Apple move highlights growing trend of commercial pressure to take enhanced responsibility for supply chain
On 13 February 2014, technology giant Apple published its Supplier Responsibility 2014 Progress Report. The report made public details of its progress in raising standards throughout its global supply chain, educating staff, improving working conditions and imposing higher standards of conduct on the businesses it relies on for the manufacture of products such as the iPad, iPhone and Mac.
Once upon a time, corporates managed their supply chain for value and efficient delivery. Management is no longer so simple, as the challenges associated with supply chain management now include factors as varied as human rights, economic sanctions, export controls, corruption and local content laws. Increasingly, this deliberate focus by corporates on ethics means that national regulators and enforcement agencies can increasingly count on the corporate community itself to help in the bid to tackle complex crimes such as fraud and corruption. While this may represent the leading edge of corporate compliance, market-leading corporations are promoting sustainable, ethical practice by integrating it into supply chain evaluation and selection processes and by pushing obligations, certification and transparency on their supply chains.
Of particular interest is Apple’s decision to publish a list of smelters and refineries used by the company, indicating which of them may be using conflict minerals.
Conflict minerals are metals, typically tungsten, tantalum, tin and gold, which are mined in conditions of armed conflict and human rights abuses, mostly in the eastern provinces of the Democratic Republic of Congo and adjacent areas of neighbouring countries.
Under s.1502 of the US Dodd-Frank Act, US companies are required to disclose in an annual report to the SEC the steps they are taking to ensure their products do not contain conflict minerals. They are required to publish this information on their websites. The move is designed to encourage companies both to scrutinise more thoroughly the source of their products and to improve the transparency of their business operations.
Apple’s report contains a list split into three sections according to smelters’ compliance with the Conflict-Free Smelter Program (CFSP). Companies are placed in one of the following lists:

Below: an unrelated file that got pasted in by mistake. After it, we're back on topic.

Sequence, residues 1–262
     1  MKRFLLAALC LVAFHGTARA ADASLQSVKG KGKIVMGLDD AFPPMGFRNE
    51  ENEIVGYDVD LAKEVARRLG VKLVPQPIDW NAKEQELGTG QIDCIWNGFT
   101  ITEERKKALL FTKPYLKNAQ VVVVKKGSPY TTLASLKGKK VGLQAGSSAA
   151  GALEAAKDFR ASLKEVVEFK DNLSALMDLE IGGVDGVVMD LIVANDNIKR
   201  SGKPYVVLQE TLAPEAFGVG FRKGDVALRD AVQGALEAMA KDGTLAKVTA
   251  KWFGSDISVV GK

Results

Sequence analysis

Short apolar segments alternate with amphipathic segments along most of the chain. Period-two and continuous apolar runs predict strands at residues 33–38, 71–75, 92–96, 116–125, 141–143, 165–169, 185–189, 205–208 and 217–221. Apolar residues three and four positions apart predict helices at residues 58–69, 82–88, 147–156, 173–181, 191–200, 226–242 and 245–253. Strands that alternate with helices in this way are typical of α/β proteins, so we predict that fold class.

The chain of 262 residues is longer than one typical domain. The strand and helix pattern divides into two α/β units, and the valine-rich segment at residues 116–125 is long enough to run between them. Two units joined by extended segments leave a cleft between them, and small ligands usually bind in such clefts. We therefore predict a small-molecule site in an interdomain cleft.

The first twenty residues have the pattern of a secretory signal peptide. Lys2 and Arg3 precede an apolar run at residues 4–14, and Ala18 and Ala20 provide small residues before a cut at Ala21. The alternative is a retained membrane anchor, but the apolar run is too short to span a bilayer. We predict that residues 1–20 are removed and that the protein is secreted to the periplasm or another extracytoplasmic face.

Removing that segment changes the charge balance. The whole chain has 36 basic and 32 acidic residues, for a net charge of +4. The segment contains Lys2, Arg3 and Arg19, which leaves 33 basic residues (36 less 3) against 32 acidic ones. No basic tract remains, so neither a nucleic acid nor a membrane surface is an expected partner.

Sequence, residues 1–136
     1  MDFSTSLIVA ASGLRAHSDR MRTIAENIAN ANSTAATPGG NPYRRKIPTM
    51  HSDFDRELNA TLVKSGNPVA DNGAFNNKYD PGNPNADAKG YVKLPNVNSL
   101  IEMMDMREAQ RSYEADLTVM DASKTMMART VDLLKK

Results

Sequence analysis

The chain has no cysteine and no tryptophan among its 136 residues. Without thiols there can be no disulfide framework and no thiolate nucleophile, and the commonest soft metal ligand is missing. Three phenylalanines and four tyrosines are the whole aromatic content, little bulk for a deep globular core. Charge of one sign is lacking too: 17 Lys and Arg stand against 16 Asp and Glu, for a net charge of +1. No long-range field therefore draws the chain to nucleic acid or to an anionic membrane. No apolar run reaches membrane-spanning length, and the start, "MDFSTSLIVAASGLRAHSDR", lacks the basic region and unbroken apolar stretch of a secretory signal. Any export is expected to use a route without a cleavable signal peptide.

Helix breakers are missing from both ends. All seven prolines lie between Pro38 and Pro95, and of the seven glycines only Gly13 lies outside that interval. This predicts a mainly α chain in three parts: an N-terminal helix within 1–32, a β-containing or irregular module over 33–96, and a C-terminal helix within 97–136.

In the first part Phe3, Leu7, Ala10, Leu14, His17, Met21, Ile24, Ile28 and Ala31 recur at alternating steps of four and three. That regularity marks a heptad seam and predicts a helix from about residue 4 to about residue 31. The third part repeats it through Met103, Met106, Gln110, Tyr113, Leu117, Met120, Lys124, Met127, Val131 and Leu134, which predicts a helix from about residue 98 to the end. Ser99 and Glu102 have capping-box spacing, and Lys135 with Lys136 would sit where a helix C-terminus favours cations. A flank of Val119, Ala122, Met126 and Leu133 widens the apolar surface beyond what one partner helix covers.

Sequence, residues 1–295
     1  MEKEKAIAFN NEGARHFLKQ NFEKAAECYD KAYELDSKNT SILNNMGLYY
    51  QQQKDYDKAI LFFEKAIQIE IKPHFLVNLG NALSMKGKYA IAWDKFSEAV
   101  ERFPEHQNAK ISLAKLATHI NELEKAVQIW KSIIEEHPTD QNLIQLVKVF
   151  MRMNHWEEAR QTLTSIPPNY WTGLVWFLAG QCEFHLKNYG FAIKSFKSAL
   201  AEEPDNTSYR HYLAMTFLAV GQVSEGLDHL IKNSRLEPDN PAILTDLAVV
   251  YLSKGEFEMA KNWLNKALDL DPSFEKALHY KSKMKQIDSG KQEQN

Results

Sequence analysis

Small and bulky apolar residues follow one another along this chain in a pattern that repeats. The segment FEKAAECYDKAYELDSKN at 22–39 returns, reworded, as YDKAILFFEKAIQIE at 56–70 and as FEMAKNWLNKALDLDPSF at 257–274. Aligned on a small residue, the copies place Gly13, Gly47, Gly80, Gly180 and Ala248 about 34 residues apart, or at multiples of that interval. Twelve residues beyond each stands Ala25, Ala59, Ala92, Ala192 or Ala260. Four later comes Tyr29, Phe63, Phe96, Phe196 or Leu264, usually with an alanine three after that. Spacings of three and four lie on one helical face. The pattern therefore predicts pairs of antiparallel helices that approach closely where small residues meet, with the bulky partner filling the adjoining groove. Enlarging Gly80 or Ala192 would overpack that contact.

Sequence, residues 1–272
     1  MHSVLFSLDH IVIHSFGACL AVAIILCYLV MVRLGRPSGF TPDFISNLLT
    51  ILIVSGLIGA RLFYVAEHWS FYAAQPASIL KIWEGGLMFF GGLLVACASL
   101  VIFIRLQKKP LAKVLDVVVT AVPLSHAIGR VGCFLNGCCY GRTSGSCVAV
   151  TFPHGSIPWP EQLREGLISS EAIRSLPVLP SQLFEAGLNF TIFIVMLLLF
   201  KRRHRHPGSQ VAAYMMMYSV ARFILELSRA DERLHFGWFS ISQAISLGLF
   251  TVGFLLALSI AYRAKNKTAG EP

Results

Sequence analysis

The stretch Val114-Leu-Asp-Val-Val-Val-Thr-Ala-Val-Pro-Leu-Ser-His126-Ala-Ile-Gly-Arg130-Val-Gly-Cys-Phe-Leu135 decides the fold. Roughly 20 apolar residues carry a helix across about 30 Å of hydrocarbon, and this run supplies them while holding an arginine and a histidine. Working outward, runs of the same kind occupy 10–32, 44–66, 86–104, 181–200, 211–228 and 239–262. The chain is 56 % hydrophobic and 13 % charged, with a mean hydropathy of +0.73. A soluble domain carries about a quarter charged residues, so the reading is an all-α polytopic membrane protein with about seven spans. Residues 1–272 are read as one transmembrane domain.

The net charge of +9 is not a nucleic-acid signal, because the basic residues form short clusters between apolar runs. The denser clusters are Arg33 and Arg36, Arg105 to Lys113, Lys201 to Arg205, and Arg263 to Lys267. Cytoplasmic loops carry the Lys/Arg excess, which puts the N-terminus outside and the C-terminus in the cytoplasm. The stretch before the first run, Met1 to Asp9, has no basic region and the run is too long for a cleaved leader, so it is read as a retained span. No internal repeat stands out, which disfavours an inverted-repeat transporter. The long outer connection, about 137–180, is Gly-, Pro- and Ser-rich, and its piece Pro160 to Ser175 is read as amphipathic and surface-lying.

- CFSP Compliant Smelters;
- CFSP Participating Smelters (those that have agreed to participate in the CFSP audit); or
- No known or public CFSP participation (Apple has reached out but no participation is yet acknowledged).
This move ultimately casts doubt on the ethics of those with no known participation, at the same time as demonstrating the importance that Apple has placed on promoting transparency in its wider business operations.
The recent scandal surround the Kaloti Group refinery audit underlines the potential scale of the problem. According to a whistle-blower, a former partner of the accounting firm, EY, an audit of the Kaloti refinery in Dubai revealed that Kaloti paid around US$5billion in cash for gold purchases in 2012 alone (around 45% of its total 21012 business).
Expanding reach of legislation
The mechanism utilised by Dodd-Frank is not the only legislative measure designed to encourage corporates to more effectively police their supply chains. The ‘associated persons’ provisions contained in the UK Bribery Act 2010 also apply, as do other statutes such as the US Foreign Corrupt Practices Act. These legislative measures and substantial prosecution efforts have served to force companies to pay more attention to their supply chains and ensure that they police their own business partners.
Corporates regulating corporates
Major companies, from Coca-Cola to BP, now have stringent supplier codes of conduct that they require partners to sign up to in order to enter into business relationships. In Apple’s report, it states that “to do business with Apple, our suppliers must live up to the toughest standards in the industry, and we make sure there’s no confusion over our expectations”. The standards that Apple and other leading multinationals impose upon their business partners frequently meet international best practice standards rather than minimum levels set by legislation.
Major companies are willing to take drastic steps to protect their reputations. There are numerous examples of companies terminating supplier contracts due to ethical failures. In January 2013 a number of companies, including Tesco and Burger King, dropped Silvercrest after it became embroiled in the European horsemeat scandal, costing the firm tens of millions of pounds in lost orders. Tesco claimed in a statement that “the breach of trust [was] simply too great”.
Increasingly, attention is expanding from management and vetting of the existing supply chain to evaluation and selection of new vendors. In higher-risk activities such as logistics and customs clearance for example, FTSE-100 corporates are increasingly evaluating the ethical policies and procedures of potential new vendors. Vendors with clear, detailed, and demonstrably active ethical programs open up clear blue water between themselves and their competition. Ironically, this means that suppliers with historic problems, and the enforced remediation that follows, find themselves in a much stronger position than their competition.